If there's a more thrilling cocktail of Asian cultures than in Penang, we've yet to find it. Penang has long served as the link between Asia’s great kingdoms and an important outlet to the markets of Europe and Western Asia. At its heart is diverse, cosmopolitan George Town, Penang Island's main city and an urban centre that delivers old-world Asia in spades, from trishaws pedalling past watermarked Chinese shophouses to blue joss smoke perfuming the air. The freshest aspects of modern culture are present, too, in the exceptional art scene and free-spirited carnivals, all fed by an infectious local enthusiasm for Penang's long history and kaleidoscope of cultures.
If you can tear yourself away, the rest of the island is rich in palm-fringed beaches and fishing villages, mountainous jungle and farms growing nutmeg and durian.
These are our favorite local haunts, touristy spots, and hidden gems throughout Penang.
The most photographed building in George Town, this magnificent 38-room, 220-window mansion was built in the 1880s and rescued from ruin in the 1990s. Today a lavish, antique-filled hotel, its distinctive blue-hued exterior is the result of an indigo-based limewash. Slightly theatrical hour-long guided tours (included in the admission fee) explain the building's feng shui and unique features, and relate stories about Cheong Fatt Tze, the rags-to-riches Hakka merchant-trader who commissioned the mansion for his seventh (and favourite) wife.
At 23 sq km, this is Malaysia's smallest national park, but it's beach-fringed forests are home to silvered leaf monkeys, flying lemurs, leopard cats and abundant bird, amphibian and reptile species. You can easily fill a day with activities such as jungle walks and boat trips to serene golden-sand beaches. Bus 101 runs here from central George Town. From the park entrance, a return boat trip should cost RM100 to Teluk Duyung (Monkey Beach), RM200 to Pantai Kerachut and RM220 to Teluk Kampi.
Facing a beautiful white-sand beach on the 101 bus route, this beautifully landscaped oasis preserves 500 species of tropical flora, spread across 200 fragrant hectares. Armed with an audio guide (included with admission), you can wander independently among lily ponds and terraced gardens, learning about local spices, medicinal plants and deadly natural poisons. Alternatively, join one of three daily guided tours (9am, 11am and 1.30pm). The garden also offers well-regarded cooking courses and superior Thai restaurant Tree Monkey.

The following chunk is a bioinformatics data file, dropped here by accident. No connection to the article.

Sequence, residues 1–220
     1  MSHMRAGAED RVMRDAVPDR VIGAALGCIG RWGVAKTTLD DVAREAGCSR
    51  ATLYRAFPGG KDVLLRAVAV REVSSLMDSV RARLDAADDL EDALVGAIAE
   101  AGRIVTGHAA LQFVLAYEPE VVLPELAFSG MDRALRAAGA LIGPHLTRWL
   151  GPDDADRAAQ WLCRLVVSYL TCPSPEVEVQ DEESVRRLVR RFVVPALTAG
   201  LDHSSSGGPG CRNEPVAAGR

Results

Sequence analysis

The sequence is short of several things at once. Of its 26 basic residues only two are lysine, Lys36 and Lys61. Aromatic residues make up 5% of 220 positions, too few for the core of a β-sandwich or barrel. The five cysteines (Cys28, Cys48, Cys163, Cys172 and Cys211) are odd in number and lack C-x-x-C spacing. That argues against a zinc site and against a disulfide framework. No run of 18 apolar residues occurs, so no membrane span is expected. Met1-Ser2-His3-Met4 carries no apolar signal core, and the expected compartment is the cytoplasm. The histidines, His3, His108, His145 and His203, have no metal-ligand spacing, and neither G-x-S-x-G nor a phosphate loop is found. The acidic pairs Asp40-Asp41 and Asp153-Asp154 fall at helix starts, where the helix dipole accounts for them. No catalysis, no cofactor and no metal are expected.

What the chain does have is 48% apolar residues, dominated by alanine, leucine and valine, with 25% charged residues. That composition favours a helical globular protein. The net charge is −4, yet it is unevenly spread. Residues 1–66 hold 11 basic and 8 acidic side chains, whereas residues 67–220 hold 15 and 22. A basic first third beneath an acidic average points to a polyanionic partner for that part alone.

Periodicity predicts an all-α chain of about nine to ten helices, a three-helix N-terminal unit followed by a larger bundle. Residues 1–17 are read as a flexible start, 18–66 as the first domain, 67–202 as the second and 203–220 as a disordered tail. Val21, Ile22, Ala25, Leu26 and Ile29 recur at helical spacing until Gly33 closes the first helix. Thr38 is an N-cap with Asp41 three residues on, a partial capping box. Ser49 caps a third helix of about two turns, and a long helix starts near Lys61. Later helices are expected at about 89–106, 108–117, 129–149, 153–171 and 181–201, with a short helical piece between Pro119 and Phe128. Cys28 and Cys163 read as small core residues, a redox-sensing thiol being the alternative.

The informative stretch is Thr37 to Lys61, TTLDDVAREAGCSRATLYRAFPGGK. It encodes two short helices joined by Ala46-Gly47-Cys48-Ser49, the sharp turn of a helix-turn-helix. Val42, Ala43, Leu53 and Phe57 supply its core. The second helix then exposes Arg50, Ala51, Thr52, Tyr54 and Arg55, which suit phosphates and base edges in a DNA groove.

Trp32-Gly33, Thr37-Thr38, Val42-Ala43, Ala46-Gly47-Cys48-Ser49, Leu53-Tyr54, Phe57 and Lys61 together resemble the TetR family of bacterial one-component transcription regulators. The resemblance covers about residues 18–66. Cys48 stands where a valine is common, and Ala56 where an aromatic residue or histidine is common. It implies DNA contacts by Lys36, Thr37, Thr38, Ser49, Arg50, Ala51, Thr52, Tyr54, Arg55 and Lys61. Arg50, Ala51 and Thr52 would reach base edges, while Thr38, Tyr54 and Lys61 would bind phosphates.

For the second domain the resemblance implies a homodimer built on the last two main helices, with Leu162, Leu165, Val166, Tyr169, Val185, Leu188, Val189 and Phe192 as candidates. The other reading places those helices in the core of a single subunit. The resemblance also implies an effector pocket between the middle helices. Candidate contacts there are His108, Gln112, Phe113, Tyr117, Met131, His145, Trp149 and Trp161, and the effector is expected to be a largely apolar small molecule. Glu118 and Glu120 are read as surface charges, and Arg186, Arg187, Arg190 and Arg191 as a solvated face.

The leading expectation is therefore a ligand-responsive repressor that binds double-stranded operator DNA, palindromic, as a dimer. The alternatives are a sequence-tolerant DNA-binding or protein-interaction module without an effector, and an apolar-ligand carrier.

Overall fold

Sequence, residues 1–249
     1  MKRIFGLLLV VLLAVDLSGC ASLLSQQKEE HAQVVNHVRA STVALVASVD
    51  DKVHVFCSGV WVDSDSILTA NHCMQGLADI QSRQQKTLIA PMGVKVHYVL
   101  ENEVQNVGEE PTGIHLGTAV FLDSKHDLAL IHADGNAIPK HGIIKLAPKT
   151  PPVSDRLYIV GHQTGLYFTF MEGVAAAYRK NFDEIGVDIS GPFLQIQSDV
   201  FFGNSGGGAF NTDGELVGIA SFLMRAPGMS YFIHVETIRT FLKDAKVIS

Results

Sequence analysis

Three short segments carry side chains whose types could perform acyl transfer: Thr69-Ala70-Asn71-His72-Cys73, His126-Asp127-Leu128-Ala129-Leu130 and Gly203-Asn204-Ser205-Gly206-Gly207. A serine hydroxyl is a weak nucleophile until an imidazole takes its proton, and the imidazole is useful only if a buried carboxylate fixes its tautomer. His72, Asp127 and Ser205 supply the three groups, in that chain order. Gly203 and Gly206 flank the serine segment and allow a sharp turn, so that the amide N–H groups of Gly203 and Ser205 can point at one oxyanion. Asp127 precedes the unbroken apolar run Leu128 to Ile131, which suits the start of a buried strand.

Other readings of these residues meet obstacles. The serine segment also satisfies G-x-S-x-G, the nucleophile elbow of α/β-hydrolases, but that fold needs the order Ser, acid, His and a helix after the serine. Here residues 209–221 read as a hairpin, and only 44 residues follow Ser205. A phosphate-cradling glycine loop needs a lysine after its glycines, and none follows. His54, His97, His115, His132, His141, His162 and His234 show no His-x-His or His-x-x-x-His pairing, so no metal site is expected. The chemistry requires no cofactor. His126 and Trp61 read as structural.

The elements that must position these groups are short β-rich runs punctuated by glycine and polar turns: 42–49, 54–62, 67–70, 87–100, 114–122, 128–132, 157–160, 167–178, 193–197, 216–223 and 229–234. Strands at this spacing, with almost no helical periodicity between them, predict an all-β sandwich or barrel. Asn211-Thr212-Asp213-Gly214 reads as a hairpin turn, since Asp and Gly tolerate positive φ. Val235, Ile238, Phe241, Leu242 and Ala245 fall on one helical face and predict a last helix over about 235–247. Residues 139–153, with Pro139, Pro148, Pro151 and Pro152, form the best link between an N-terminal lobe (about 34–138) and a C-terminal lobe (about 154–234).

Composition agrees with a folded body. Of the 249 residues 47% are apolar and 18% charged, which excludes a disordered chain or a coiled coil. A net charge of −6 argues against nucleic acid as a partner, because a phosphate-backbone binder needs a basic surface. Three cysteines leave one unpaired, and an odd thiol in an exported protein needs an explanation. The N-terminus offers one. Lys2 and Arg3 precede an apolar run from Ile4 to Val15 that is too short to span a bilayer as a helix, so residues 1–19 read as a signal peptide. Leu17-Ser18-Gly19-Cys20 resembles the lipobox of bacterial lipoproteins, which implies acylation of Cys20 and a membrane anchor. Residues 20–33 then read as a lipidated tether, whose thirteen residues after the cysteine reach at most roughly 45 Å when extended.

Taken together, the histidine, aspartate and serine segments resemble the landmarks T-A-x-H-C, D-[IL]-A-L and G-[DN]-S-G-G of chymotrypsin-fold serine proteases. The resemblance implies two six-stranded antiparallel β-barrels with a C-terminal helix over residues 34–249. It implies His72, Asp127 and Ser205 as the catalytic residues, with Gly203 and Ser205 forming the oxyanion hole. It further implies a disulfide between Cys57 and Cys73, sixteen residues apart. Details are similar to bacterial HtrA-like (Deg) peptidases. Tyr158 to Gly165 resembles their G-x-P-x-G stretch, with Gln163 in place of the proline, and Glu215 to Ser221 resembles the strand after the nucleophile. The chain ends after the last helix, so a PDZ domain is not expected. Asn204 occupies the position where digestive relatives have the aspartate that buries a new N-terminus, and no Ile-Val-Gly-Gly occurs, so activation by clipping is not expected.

Lovingly restored, this ostentatious, mint-green structure was one of the most stunning private residences in George Town. Every door, wall and archway is carved and gilded, and the grand rooms are furnished with majestic wooden furniture featuring intricate mother-of-pearl inlay. There are displays of antiques, table settings and fascinating B&W photos of the former owners in regal Chinese dress. The house belonged to Chung Keng Quee, a 19th-century merchant, clan leader and community pillar.
Malaysia's largest Buddhist temple is a colourful explosion of statues, pagodas and pavilions, cascading down a hillside in Air Itam, around 8km from the centre of George Town. The original temple was built between 1890 and 1905, but subsequent worshippers have created a virtual city of temples, shrines and gardens. A funicular climbs to the floral, seven-tiered Ban Po Thar pagoda and an awesome 36.5m-high bronze statue of Kuan Yin, goddess of mercy.
The most spectacular clanhouse in George Town, Khoo Kongsi is an explosion of colour. Intricate ceramic mosaics of immortals, carp and dragons dance across the roof ridges, while the gilded beams inside crawl with real and mythical beasts, and antique lanterns sway in the space below. The interior walls feature delicate friezes depicting legendary wedding and birthday celebrations and the 36 celestial guardians. On the last Saturday of each month, entrance is free from 6.30pm to 9pm.
Dedicated to Kuan Yin, goddess of mercy, this temple is the liveliest place of worship in George Town. The current temple was built in the early 19th century by Hokkien and Cantonese settlers, and it's a hive of activity from early in the morning, as devotees gather to burn paper money for their ancestors, light giant incense sticks adorned with dragons and investigate their future prospects through fortune-telling activities such as throwing numbered sticks known as kau chim.
Bordering one of Penang's two virgin rainforest reserves, the spine of this fantastic addition to the Penang Hill experience is a finely crafted 1.6km nature trail. Along it you can access suspended walkways (thrillingly high up in the canopy) and pocket gardens featuring different species of tropical plants. You can explore on your own, but you'll learn more by joining one of the guided tours; ask ahead about night walks and tours aimed at children.
If you don't know your Lat from your Tezuka Osamu, then this is the place to become more closely acquainted with the dynamic work of comic-book artists from across the region. Kids and not a few adults will love this remarkable collection from nine Asian countries, including Malaysia, China, Japan and South Korea. There's a good gift shop, too.